Question on electrical panel

41 Replies

My electric just installed electrical panel. I did not find any GFCI breakers. He said that the house does not need it due to the age. I am planning to rewire the whole house. I am not sure what he is doing is right. He is charging 2400 for 1 main panel and service going up to 200 amp. Any hints? Should I accept his job?

A proper electrician may have a better answer, but...

I’ve usually only seen GFCI outlets near sources of water instead of GFCI breakers. If you’re re-wiring you could simply install the correct outlets in bathrooms and kitchen. (Some people prefer these as they are easier to reset than going out to the breaker box to reset.)

@Account Closed Good day, I’m a licensed electrical contractor in NJ. Perhaps I can shed some light on your issue. Your question pertains to the installation of GFCI circuit breakers during an electrical service upgrade. GFCI protection is required for outlets near a water source(like a sink or bath tub), anywhere on the exterior of the building or in an unfinished portion of a structure(like an attic or crawl space). There are a few ways you can accomplish protecting these circuits, however there are two that are used way more than the others. One is the way you mentioned, installing a GFCI circuit breaker, in which case provides GFCI protection for the whole circuit. However, the downside is the cost and that each time an issue arises, you have to reset the circuit at the panel. The other is using GFCI receptacles, these are the outlets you see with the “RESET” and “TEST” buttons on them. For the most part, these keep the reset situations local to the room you are in. Since you hired your electrician to upgrade your service, he is only responsible for that portion of the work, which includes replacing everything from the weather head to the electric panel. If you require your electrician to install GFCI receptacles in other areas of the building or want them to install GFCI circuit breakers, let them know, and they will give you a price for the work. I hope this helps, please let me know if you require any further clarification. Best of luck.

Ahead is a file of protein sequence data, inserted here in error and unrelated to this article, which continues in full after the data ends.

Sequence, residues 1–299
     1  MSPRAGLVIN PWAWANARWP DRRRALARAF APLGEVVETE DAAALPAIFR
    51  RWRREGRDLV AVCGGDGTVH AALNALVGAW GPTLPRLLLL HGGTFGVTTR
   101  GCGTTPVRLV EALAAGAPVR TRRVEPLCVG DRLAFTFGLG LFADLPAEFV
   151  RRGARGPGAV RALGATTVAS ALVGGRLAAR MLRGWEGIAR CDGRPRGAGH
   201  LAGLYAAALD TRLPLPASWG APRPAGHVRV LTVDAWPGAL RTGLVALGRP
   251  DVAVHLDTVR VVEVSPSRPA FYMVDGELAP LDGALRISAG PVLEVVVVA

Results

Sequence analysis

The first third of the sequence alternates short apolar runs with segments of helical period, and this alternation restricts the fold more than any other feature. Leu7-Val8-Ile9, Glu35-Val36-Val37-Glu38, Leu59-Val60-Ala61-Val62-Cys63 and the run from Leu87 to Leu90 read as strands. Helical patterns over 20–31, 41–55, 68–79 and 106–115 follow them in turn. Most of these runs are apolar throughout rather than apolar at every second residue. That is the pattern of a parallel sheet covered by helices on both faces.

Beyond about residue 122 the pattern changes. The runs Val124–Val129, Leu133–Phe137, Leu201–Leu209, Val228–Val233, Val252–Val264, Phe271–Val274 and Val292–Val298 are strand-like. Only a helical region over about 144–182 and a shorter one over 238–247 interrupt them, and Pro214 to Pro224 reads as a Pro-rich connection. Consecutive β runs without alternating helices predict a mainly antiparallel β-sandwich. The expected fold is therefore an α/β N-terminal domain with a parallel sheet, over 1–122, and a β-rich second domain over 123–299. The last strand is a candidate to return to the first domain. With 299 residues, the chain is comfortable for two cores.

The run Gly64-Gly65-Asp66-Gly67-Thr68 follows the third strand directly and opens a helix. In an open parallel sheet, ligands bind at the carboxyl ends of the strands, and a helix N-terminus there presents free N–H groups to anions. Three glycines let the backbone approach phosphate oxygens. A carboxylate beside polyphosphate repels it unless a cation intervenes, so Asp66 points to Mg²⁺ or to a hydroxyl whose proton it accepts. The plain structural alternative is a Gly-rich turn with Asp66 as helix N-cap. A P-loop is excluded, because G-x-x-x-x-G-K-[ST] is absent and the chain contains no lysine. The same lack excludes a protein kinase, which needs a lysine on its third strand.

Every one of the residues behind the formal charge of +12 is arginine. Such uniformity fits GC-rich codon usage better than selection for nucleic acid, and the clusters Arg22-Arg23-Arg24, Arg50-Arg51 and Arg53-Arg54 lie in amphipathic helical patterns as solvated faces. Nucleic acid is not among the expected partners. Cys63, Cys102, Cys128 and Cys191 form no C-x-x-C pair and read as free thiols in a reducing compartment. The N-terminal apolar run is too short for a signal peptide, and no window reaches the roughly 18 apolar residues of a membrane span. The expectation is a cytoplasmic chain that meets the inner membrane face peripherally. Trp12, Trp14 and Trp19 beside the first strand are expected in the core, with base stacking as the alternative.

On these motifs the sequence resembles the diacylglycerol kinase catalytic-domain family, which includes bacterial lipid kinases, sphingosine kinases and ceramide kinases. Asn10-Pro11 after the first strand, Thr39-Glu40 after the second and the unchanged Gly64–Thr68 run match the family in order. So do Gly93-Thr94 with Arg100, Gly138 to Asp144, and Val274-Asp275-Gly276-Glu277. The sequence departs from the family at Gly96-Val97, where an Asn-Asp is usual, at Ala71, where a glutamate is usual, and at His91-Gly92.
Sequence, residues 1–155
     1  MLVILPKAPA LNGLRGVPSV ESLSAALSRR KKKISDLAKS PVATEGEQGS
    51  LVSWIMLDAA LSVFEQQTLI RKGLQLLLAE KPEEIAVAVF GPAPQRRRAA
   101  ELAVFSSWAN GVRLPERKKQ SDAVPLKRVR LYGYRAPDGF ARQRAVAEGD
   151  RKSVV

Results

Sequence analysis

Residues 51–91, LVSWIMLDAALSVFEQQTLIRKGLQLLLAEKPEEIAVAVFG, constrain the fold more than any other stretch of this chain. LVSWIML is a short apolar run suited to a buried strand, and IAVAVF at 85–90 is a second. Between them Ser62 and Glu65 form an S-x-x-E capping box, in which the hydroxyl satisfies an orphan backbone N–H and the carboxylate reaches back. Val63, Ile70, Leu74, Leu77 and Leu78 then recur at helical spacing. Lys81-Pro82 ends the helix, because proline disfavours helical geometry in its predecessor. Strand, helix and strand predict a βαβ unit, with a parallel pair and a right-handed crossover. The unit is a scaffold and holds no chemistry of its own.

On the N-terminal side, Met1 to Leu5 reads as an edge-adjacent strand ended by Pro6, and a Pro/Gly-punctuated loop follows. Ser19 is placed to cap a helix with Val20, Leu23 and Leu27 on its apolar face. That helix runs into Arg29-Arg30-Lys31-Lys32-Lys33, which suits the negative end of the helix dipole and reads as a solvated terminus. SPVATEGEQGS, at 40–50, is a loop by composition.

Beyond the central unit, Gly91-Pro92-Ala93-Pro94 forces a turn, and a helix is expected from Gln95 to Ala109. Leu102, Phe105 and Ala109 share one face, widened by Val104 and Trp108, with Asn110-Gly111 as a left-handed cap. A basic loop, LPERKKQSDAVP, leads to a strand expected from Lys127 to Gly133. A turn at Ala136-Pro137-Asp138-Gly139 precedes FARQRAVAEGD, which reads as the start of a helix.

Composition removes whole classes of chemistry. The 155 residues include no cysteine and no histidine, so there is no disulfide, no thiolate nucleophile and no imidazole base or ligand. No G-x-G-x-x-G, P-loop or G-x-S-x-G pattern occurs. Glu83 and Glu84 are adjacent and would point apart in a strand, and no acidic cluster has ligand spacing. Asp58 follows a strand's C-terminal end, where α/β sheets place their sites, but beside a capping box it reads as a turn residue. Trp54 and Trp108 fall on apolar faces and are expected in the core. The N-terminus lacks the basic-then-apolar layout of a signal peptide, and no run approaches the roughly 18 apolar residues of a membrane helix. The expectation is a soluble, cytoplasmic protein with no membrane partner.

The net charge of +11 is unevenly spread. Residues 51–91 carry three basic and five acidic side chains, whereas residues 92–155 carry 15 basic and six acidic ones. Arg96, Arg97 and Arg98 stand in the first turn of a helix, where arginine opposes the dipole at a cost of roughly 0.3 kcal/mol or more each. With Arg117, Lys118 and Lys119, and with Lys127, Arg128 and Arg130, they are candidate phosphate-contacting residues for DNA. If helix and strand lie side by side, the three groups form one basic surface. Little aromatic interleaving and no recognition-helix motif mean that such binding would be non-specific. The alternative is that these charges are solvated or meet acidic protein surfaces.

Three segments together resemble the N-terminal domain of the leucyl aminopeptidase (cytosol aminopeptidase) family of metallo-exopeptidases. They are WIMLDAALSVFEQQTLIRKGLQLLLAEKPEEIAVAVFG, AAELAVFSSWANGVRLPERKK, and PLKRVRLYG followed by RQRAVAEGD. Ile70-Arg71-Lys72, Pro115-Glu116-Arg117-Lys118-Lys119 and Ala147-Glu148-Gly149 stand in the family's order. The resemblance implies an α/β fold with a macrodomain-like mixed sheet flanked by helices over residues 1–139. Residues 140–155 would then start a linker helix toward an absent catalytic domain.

You are planning on rewiring the whole house , then the electrician will add GFI  protection where needed at that time . What you had done was done correctly 

I would not use a GFCI wired into the panel if it is a rental. If you do, they will call every time it is tripped.

If it is a flip you can do one of the two does not matter .

I have a question you said rewire a house ,are you pulling new wires for the whole house?  

If so how much are they charging ?

@Account Closed I highly doubt you need to rewire the house unless it is a hundred years old. Is he installing a new mast or meter? A new main panel for 200 amp service shouldn’t cost you more than $1,500 parts included. That’s a one day job for a competent electrician for a normal size house with 6-10 fuses.

Originally posted by @Steve B. :

@Sophie Maisel I highly doubt you need to rewire the house unless it is a hundred years old. Is he installing a new mast or meter? A new main panel for 200 amp service shouldn’t cost you more than $1,500 parts included. That’s a one day job for a competent electrician for a normal size house with 6-10 fuses.